Friday, April 6
Friday, March 30
Looking down the marble stairs that lead from the third floor of the Capitol in Frankfort on Monday, I saw democracy in action.
Thousands of teachers lined the steps, offering high-fives, hand-slaps, and hugs as I made my way down into their protest, which crowded the handsome stairwells and cavernous rotunda. Their energy was infectious and welcome.
I thought to myself, this is what the First Amendment was talking about when it guaranteed the right to peaceably assemble and petition for redress of grievances
Friday, March 23
Last night was government at its worst. The Republican Majority bent itself into parliamentary pretzels, attaching a 291 page pension reform bill that no one had seen to a sewage bill and passing it into law in an astonishing eight hours. It was wrong.
It wasn’t, however, entirely unexpected. Elections have consequences.
Still I had hoped the landslide of resistance to Senate Bill (SB) 1 - which forced Republican leadership to pull the proposal three weeks ago - would be enough to bury it. I thought that would give us a chance to try again and do pension reform the right way.
Friday, March 16
Columnist Lewis Grizzard wrote a book titled “Elvis is dead and I don’t feel so good myself.” That just about sums up how I’m feeling after a tough week in Frankfort and a demoralizing loss by the University of Kentucky Wildcats.
Deep breath. This too shall pass.
I actually do love my work as a state senator.
Friday, March 17
Bad news and good news this week.
The bad: We’ve reached day 51 in a 60-day legislative session, but the General Assembly has not passed either a state budget or pension reform, nor is quick success in view on the horizon.
The budget, after being passed through the House, has had no meaningful hearings in the Senate. At this point, the best we can hope is the Senate Majority will ram it through next week and send it back to the House, so the two chambers can, hopefully, craft a workable plan. Not exactly the legislative fate you would desire for what one of my predecessors, Senator David Karem, often called “the State’s most important policy document.”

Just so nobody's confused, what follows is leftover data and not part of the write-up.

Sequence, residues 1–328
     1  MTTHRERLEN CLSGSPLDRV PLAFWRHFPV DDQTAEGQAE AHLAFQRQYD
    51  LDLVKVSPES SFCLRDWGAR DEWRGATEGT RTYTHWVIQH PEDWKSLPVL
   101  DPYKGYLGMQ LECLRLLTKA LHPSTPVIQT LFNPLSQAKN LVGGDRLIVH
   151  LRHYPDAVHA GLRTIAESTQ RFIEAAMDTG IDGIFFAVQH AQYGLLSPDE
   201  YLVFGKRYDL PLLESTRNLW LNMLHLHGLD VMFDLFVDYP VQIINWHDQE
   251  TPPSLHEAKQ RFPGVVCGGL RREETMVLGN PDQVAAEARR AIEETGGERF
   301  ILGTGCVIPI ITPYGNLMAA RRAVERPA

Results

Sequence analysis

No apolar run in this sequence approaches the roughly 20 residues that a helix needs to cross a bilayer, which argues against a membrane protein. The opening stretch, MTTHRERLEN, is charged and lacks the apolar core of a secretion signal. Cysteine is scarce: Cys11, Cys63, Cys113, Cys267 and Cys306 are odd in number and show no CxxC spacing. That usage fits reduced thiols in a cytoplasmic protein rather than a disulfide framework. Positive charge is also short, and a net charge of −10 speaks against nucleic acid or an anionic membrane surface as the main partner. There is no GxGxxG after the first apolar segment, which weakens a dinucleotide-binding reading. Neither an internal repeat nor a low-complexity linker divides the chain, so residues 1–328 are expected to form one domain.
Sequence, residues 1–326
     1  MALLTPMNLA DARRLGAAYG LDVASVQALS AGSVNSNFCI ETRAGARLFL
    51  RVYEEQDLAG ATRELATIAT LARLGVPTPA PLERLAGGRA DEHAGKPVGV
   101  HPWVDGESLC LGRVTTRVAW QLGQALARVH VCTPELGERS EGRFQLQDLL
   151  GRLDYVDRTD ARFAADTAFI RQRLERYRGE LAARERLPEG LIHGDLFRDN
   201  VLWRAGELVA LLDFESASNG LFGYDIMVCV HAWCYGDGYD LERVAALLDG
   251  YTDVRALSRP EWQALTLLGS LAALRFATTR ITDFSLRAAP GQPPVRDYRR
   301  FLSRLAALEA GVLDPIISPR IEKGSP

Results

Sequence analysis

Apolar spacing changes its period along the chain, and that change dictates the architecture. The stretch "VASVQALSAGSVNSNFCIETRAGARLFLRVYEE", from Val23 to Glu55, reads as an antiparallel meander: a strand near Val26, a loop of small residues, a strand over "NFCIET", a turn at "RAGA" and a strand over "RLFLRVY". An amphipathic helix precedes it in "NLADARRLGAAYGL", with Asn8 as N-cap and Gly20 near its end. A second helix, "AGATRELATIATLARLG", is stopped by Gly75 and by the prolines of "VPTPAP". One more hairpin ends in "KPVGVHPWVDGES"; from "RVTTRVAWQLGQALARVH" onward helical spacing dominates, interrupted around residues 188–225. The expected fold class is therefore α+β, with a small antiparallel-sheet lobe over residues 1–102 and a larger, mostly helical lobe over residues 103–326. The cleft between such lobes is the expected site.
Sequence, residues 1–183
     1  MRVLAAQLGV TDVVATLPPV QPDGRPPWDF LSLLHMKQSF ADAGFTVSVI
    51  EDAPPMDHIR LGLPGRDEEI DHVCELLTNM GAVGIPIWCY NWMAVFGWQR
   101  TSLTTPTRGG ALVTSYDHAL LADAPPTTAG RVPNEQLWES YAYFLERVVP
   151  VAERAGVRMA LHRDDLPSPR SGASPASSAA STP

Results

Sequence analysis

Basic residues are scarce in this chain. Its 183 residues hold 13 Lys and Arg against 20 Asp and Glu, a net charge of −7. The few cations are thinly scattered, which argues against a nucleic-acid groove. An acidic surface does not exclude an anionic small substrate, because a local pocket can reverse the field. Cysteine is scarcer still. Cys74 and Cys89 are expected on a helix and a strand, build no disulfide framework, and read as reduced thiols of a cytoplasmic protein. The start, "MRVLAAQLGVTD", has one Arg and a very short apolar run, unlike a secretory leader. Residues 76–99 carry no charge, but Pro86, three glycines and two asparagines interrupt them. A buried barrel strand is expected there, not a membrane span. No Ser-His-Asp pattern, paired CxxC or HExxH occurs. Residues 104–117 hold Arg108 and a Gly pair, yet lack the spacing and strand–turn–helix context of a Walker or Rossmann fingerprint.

Friday, March 10
When I called after we recessed to check on my own proposal, Senate Bill 62, a friendly voice in the Governor's office said, wearily, “We've received 108 bills in the last two days.”
I got the message.
An enormous amount of legislation cleared the General Assembly in the waning days of the 2017 session - some good and some bad. I’m just now digging out to get you a newsletter. The big office on the first floor has a lot of work to do too, deciding what will get the Governor's OK.
Friday, March 3
This was a weary week.
After holding multiple community meetings in the last month, in different parts of my senate district, I faced a fight in Frankfort to minimize damage from a battery of bad bills aimed at Louisville by the Majority Party. I also pushed bills of my own, one of which would protect health savings accounts from garnishment – an important effort, given the ever-widening use of this approach to health coverage. It passed unanimously through a House committee on Wednesday.
I keep thinking about the Kris Kristofferson lyric that Janis Joplin made famous: I was “feelin' nearly faded as my jeans.” On the other hand, it's a privilege to be here and do this work.
Friday, February 24